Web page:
There was the black iron gate, tipped with gleaming spikes and glossy like black oil, slowly opening itself up to allow the car to enter the grounds beyond its jaws. The gray gravel crunched underneath the black rubber tires like gnashing teeth and broken bones. One looking through the vehicle’s windows would see no trees with graceful trunks and colorful leaves, or beds of bright flowers to break the monotony of an empty field of long grass. The straight double rows of darkened hanging lights gave no sense of comfort to Gregory Harbor either as he approached the foreboding house that was once the home of his childhood friend.
The car took only forty seconds to roll up the driveway to the mansion and be parked in front of the ostentatious entrance, but Gregory Harbor thought it took twenty years. He remembers his father telling him at one time that he lived most of his adult life on the other side of town from the brother he despised, but that crossing the distance to meet him when his mother passed away to finally make amends for the decades of wrong felt like crossing the expanse of the world. Most people merely say they understand what that feeling is when told about it – the feeling of returning to someplace dreadful that one hasn’t been for a long time. For Gregory Harbor, coming back to this place made it feel like the personification of the years of his absence had dug into the recesses of his mind to wrench out each and every memory of James, Rachel, and Meredith Dunwell for the sadistic pleasure of making him as miserable as possible.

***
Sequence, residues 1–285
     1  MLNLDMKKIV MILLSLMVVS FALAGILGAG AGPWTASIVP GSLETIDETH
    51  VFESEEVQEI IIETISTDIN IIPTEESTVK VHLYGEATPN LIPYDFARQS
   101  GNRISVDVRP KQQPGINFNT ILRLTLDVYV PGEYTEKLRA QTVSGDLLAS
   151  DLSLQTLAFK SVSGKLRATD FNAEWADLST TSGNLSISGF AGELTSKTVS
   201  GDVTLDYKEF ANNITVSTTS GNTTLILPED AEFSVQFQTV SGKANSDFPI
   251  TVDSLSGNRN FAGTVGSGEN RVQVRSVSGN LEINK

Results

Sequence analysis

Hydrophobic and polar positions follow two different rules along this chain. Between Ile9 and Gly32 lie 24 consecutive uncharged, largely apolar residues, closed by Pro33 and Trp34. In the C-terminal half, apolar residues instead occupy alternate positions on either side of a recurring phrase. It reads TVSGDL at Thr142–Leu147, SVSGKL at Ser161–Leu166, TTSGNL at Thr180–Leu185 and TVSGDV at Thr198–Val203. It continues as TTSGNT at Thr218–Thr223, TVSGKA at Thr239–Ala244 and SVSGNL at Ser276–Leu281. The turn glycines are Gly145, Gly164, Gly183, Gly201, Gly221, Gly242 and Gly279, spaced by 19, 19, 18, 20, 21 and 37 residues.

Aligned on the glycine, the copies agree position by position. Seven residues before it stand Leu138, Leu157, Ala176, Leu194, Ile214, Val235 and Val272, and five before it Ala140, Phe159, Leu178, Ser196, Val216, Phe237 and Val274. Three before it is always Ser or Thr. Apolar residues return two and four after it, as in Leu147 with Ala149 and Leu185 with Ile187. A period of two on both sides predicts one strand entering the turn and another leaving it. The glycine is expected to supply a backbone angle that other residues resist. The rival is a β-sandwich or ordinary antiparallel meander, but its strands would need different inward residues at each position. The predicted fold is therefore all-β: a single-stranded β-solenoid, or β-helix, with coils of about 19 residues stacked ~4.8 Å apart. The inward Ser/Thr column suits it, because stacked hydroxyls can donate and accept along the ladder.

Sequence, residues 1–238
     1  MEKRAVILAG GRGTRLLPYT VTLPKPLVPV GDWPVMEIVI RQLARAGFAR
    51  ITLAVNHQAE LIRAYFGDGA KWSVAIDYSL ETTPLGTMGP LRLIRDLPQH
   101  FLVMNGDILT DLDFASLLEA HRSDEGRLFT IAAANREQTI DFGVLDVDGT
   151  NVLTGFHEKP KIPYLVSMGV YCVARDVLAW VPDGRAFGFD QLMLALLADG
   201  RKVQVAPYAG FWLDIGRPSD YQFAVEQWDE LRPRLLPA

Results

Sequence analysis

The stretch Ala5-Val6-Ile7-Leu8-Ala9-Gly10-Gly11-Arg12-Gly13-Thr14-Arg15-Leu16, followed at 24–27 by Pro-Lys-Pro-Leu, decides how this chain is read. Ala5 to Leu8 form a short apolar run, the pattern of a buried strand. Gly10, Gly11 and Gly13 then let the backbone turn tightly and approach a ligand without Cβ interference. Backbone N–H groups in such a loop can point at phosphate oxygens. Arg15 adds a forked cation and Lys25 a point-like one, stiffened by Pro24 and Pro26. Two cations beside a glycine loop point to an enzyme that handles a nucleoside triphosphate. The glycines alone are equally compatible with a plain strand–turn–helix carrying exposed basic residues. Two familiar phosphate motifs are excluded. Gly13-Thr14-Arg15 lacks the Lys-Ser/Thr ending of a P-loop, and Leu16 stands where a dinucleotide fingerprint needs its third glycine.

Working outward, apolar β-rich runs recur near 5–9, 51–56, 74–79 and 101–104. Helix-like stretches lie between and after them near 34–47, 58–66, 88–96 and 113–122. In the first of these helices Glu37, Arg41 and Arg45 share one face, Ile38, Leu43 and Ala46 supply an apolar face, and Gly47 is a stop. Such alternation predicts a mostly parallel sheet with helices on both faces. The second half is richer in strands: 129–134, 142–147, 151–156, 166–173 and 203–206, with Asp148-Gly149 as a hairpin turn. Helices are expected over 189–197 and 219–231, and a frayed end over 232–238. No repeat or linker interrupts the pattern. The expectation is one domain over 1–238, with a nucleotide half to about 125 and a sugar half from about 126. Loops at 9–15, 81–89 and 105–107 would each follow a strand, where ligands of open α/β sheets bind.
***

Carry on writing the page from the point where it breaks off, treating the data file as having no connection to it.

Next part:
The real world, unfortunately, gave him no time to fully subdue his rebellious subconscious, as his chauffeur opened the door for him. Beyond that, the doorway was open to a trickle of men in black and navy blue coats and women in expensive dresses. They were each cordially welcomed into the house by the head butlers in their complementing black suits and bowties, gray pants, and white gloves, who carefully and organically organized the flow to resemble sand passing through an hourglass.